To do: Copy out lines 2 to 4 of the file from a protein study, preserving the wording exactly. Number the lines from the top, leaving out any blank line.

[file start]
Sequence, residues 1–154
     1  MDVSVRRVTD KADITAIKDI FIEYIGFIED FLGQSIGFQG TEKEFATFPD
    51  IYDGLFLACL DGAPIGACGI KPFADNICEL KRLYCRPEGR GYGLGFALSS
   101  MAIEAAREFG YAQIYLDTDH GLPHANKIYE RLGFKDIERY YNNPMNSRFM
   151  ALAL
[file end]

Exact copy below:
     1  MDVSVRRVTD KADITAIKDI FIEYIGFIED FLGQSIGFQG TEKEFATFPD
    51  IYDGLFLACL DGAPIGACGI KPFADNICEL KRLYCRPEGR GYGLGFALSS
   101  MAIEAAREFG YAQIYLDTDH GLPHANKIYE RLGFKDIERY YNNPMNSRFM